Austria is expelling four Russian diplomats for behaving in a manner inconsistent with international agreements, a reason often invoked in spying cases, the Austrian Foreign Ministry said on Thursday without giving specifics.
The move brings to nine the number of Russian diplomats Austria has expelled since 2020, though any connection between the three separate decisions is unclear. Austria has generally been more reluctant than many other western European countries to expel Russian envoys.
Two of the four diplomats declared personae non gratae on Thursday and ordered to leave the country by February 8 are stationed at the Russian Embassy to Austria while the other two work at the Russian mission to the United Nations in Vienna, the ministry said in a statement.
“Two diplomats at the Russian embassy have acted in a manner inconsistent with their diplomatic status. They were therefore declared unwelcome persons [personae non gratae] in accordance with Article 9 of the Vienna Convention on Diplomatic Relations,” the ministry said.
The two working at the Russian mission to the UN acted in a way that was inconsistent with the host country agreement between the United Nations and Austria, it added.
The ministry did not specify what any of the diplomats had done, and a spokeswoman declined to comment.
The Russian embassy did not respond to a request for comment.
Officials speaking on condition of anonymity said the case involved spying. One said the diplomats concerned were more senior than four expelled last April, when other European countries also expelled Russians. None of those now being expelled is an ambassador, the official added.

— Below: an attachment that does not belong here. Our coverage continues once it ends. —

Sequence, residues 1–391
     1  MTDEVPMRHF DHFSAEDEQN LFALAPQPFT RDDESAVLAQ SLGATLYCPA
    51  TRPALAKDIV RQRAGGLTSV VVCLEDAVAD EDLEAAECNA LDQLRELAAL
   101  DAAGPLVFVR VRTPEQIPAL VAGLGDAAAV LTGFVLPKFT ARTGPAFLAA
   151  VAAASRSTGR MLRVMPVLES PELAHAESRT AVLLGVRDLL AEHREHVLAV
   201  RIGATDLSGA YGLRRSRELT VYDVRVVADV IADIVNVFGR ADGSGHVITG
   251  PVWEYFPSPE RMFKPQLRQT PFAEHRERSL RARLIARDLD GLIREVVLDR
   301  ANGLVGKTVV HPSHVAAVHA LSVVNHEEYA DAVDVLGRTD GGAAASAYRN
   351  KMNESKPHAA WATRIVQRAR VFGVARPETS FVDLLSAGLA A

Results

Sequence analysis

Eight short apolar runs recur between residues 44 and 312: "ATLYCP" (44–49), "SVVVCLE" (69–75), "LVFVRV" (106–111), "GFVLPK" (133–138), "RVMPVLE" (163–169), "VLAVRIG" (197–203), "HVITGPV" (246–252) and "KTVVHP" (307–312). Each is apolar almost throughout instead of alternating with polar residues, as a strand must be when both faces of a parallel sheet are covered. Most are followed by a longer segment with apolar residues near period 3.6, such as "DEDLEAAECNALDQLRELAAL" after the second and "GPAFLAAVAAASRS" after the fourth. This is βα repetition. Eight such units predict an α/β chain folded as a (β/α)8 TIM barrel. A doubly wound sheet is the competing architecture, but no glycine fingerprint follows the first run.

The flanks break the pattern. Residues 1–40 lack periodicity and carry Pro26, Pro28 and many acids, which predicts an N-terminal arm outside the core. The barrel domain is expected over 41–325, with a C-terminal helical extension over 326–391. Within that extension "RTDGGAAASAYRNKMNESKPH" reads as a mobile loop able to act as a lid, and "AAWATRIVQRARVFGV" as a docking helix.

Austria forced out another Russian diplomat in August 2020 in what Austrian media said was a case of economic espionage.
Vienna is a major diplomatic center hosting the Organization for Security and Cooperation in Europe (OSCE) and United Nations organizations such as the International Atomic Energy Agency.
Larger countries like Russia and the United States often have separate ambassadors to Austria, the OSCE and the UN organizations, each running an embassy or permanent mission.
The city, which was divided into Allied sectors after World War Two, also has a reputation as a den of spies. The large diplomatic presence offers the opportunity to station intelligence agents there under a diplomatic cover granting them diplomatic immunity.
While Russia may well order a tit-for-tat expulsion of Austrian diplomats, of whom there are about a dozen in Moscow, it will barely make a dent in Russia’s presence in Austria. More than 140 Russian diplomats are listed as working there.